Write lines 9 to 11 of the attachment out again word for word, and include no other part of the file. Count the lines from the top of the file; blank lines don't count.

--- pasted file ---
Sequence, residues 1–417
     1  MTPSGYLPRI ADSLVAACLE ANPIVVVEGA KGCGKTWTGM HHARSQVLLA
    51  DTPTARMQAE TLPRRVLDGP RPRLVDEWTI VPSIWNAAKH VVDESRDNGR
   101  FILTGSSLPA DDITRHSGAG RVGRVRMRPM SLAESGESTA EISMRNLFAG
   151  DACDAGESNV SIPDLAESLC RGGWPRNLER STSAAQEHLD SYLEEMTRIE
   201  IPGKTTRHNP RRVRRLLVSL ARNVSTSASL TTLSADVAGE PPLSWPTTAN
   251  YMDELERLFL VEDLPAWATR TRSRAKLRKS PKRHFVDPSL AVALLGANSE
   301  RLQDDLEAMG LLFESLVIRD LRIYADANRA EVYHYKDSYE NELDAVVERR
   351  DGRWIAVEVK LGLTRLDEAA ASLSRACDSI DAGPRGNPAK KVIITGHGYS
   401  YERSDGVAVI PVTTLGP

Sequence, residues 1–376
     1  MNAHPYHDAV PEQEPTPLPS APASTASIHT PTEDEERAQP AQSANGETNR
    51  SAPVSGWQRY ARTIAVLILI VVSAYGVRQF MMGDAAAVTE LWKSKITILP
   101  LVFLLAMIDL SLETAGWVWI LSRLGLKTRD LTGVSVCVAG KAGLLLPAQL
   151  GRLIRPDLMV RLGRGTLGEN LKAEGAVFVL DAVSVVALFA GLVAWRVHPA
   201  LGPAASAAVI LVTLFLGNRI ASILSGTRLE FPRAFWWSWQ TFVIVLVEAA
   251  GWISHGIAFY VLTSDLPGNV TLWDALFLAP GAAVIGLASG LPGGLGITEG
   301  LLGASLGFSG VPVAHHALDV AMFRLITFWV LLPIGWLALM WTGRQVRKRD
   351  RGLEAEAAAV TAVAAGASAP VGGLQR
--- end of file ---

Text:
   351  DGRWIAVEVK LGLTRLDEAA ASLSRACDSI DAGPRGNPAK KVIITGHGYS
   401  YERSDGVAVI PVTTLGP

Sequence, residues 1–376